Problematically, 80% of the money is still not in the federal government’s hands at all. Think how much of the debt you could pay off if you somehow had access to that…

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  5. /sigh

    You have TWO problems. The ideological problem, and the demographic timer on non-hispanic caucs.
    Where Rush and Beck hurt you is that they lock the GOP into the diminishing WEC demographic.
    The GOP sacrificed fiscal conservatism and libertarian principles to retain power….you can restore those values…but…..
    The GOP cannot attract minorities with rascism…..cannot attract the college-educated with creationism and anti-science dogma, and cannot attract youth with the uncool and the illiberal.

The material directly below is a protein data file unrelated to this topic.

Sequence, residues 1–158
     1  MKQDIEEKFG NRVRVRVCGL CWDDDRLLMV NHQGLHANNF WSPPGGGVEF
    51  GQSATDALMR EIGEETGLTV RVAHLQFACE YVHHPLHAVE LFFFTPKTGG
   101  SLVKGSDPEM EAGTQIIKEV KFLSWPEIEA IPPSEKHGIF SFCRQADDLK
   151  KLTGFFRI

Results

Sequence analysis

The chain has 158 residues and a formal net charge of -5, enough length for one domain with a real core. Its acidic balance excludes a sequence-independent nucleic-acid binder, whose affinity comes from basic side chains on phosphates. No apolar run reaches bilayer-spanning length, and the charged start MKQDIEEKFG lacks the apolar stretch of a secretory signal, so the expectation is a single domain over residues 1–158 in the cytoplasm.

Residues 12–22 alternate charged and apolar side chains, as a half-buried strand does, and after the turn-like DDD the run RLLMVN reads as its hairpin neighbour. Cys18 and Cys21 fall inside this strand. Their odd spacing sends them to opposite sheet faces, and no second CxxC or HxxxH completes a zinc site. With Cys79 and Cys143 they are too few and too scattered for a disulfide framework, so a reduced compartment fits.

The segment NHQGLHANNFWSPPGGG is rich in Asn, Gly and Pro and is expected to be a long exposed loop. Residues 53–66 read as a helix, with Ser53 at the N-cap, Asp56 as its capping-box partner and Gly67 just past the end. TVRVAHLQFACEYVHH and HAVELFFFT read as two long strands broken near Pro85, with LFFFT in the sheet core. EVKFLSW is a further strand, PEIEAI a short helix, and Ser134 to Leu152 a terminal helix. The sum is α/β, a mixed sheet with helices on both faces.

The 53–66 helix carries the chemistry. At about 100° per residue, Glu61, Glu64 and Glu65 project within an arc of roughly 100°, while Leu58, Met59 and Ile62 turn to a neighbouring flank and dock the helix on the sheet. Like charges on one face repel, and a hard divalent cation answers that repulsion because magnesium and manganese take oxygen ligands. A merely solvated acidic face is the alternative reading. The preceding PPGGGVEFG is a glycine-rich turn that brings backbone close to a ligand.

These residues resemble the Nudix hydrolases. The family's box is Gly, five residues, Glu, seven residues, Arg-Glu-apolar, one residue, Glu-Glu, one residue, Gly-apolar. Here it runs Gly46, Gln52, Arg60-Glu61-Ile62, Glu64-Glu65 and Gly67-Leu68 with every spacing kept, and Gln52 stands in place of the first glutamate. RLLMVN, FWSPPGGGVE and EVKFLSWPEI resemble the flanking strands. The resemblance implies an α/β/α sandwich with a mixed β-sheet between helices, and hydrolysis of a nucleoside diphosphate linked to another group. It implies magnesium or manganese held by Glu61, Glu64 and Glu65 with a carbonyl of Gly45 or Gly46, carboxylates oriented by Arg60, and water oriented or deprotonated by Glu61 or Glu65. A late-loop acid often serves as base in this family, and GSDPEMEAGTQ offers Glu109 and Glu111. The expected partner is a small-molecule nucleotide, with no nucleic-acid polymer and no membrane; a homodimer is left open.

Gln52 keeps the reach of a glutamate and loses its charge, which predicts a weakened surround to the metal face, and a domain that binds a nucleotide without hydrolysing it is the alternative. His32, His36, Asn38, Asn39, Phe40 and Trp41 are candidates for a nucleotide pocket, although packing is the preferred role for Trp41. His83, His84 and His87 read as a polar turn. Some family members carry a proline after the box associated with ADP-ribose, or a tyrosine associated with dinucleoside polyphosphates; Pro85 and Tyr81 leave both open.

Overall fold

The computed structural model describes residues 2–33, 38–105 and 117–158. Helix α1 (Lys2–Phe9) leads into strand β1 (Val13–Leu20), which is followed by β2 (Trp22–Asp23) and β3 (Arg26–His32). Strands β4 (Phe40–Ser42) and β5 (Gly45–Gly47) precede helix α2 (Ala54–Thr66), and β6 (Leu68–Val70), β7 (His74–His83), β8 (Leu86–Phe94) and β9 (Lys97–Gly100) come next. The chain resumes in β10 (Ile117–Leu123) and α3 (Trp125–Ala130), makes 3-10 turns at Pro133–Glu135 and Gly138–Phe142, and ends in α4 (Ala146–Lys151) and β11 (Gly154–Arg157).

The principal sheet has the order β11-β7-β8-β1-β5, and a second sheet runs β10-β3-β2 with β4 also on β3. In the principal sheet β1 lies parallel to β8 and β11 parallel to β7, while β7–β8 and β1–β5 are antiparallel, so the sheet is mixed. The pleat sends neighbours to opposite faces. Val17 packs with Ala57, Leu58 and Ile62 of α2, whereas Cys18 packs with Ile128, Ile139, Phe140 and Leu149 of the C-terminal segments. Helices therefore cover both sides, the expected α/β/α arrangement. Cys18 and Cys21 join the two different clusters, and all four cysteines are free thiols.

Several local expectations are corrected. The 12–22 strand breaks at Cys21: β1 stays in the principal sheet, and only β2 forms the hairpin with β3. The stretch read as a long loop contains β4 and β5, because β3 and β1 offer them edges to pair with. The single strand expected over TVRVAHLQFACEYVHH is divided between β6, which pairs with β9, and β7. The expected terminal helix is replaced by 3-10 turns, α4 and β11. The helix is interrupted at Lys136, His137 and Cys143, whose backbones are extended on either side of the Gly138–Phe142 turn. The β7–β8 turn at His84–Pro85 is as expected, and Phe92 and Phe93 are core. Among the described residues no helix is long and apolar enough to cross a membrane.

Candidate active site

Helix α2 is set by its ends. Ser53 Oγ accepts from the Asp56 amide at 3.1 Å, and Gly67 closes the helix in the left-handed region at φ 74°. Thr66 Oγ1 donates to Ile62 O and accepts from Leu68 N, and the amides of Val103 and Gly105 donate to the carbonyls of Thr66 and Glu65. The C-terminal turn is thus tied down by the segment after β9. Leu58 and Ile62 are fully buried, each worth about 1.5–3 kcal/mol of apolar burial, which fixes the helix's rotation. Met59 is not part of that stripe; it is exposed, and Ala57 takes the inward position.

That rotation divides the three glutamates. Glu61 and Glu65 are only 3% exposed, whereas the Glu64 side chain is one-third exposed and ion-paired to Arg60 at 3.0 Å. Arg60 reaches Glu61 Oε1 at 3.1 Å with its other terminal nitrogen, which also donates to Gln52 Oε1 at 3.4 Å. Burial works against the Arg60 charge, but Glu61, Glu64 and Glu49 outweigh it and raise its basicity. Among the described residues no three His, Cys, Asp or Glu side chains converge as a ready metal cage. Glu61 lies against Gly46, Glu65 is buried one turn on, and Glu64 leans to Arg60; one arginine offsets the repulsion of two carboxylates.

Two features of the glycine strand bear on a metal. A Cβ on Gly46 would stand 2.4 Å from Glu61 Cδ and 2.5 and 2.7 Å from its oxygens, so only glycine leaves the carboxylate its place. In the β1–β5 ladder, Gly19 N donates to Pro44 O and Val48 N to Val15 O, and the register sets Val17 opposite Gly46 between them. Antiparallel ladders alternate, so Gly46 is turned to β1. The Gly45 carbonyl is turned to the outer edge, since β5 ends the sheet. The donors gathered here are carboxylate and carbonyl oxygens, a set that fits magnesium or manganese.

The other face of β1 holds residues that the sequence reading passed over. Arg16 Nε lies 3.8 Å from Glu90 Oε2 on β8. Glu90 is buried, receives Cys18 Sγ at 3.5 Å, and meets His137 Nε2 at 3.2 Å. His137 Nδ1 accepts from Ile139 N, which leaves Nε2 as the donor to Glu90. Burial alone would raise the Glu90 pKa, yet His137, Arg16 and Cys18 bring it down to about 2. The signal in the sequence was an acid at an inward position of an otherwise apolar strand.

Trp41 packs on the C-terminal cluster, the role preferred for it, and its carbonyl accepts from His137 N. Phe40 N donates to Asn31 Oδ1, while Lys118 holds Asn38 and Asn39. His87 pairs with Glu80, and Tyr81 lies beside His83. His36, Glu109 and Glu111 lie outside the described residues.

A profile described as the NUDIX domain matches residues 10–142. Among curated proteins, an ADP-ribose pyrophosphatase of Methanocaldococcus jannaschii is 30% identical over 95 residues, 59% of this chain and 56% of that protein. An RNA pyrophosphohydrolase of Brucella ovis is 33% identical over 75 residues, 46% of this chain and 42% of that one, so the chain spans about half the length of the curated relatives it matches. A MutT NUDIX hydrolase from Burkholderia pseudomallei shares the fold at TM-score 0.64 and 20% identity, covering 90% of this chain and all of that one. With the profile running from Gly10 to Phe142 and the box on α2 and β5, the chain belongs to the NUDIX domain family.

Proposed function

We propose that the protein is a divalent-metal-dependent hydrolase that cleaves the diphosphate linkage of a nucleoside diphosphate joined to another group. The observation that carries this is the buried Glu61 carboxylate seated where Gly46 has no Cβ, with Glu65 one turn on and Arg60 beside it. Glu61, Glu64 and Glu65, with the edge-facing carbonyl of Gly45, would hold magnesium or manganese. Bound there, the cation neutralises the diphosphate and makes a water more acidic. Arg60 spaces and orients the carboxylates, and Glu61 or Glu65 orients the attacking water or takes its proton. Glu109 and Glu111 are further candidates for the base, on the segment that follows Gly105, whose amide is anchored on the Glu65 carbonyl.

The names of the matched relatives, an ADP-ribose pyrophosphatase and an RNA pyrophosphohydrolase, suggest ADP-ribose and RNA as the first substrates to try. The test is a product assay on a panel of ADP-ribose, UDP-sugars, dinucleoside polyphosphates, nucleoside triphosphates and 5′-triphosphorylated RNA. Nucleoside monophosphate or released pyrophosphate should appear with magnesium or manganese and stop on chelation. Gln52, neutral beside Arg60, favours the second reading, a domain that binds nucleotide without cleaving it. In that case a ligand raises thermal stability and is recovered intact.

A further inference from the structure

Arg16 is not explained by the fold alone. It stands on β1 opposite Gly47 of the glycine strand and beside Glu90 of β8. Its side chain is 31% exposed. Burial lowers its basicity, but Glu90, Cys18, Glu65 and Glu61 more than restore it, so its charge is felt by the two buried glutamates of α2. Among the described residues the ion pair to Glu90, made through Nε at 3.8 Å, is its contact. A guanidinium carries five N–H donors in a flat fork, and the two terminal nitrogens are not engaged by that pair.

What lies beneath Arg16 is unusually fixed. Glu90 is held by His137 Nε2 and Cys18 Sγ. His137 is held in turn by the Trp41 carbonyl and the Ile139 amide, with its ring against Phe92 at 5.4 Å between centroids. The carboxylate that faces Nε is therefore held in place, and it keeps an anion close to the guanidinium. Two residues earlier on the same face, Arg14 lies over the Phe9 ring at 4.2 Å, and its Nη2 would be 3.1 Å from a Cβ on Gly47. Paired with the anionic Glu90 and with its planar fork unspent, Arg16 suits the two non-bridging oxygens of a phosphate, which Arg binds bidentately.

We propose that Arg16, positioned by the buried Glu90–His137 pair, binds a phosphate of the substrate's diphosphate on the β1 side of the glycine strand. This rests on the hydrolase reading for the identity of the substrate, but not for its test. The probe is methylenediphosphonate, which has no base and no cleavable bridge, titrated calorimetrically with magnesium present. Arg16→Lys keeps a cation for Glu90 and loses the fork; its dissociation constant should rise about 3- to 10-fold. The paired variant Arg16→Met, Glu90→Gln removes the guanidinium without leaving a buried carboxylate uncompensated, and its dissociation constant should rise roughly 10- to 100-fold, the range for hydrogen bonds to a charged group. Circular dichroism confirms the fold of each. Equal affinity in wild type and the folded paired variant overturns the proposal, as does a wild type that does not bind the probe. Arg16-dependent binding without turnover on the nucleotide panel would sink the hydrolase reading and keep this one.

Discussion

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  6. Another great post Mark..

    I think where we’re sort of at is a crossroads between two forms of conservatism. I would call one ‘traditional conservatism’ and the other ‘progressive conservatism’. I see traditional conservatism as primarily a reactionary effort to hold the line against the liberal inclination to advance culture at a reckless pace. Whereas in the past this conservatism might have manifested itself as a tapping of the brakes from time to time it has now morphed into both feet on the brake pedal, parking brake engaged, throw the keys out the window…no, no, no.